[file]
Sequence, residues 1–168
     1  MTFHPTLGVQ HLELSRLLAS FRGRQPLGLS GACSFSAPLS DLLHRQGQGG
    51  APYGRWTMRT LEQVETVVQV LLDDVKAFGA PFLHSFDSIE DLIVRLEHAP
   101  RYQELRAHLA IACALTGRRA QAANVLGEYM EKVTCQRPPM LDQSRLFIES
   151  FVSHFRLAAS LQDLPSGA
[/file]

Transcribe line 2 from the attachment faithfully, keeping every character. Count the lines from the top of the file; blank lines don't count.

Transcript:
     1  MTFHPTLGVQ HLELSRLLAS FRGRQPLGLS GACSFSAPLS DLLHRQGQGG